Following allocation of the sites within the RELP the masterplan could be adopted as a Supplementary Planning Document (SPD). Should the Council decide to take the masterplan forward as an SPD so that it formed part of the Development Plan there would be a requirement for a statutory period of consultation and potentially a Strategic Environmental Assessment (SEA).
The emerging RELP was supported by an Infrastructure Strategy and Schedule which provided a strategic level assessment of the infrastructure requirements arising from the RELP as a whole. Building upon this strategic assessment, a detailed Infrastructure Delivery Plan (IDP) had been produced as part of the masterplan to co-ordinate the delivery of the infrastructure which was necessary to support residential development on the Yarm Back Lane and Harrowgate Lane sites.
The IDP drew upon the evidence base prepared to support the preparation of the masterplan and set out what infrastructure was needed and the anticipated timescales / phase of development when this should be provided. The key infrastructure requirements identified in the IDP include the provision of:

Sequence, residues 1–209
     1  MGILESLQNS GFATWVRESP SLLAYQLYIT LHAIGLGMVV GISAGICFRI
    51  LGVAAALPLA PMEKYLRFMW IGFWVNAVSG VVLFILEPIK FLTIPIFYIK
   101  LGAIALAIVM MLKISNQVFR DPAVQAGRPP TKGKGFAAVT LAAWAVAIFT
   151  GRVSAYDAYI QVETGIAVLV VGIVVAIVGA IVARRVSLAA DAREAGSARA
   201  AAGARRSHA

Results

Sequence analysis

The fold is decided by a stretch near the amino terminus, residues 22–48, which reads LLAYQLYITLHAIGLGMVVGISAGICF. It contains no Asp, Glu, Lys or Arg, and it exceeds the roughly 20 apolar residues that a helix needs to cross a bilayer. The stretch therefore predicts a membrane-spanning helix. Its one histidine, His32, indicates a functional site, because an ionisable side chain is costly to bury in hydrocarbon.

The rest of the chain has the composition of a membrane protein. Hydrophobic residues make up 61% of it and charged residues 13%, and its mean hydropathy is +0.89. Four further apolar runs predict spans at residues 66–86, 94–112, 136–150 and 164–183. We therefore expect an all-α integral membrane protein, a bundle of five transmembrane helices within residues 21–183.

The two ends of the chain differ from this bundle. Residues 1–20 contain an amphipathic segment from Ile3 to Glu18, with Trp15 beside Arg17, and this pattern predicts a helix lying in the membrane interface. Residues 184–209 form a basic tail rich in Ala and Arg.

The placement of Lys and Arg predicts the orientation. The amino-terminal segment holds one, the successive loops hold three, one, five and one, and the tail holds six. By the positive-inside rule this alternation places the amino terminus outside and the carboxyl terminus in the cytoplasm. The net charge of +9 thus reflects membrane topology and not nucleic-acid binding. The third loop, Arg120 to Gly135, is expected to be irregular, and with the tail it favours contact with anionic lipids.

Other access and transport infrastructure;
Community hub (incorporating a primary school, community centre and neighbourhood centre);
Surface water drainage infrastructure;
Utilities related infrastructure.
The Council had been working with landowners and developers to agree an approach to contributions and the delivery of infrastructure which was both equitable and CIL compliant. At the present time no agreement had been reached. The masterplan identified that until agreement had been reached, to the satisfaction of the Council, it would not be possible to determine planning applications at the site. The Council would continue to liaise with landowners and developers to reach agreement.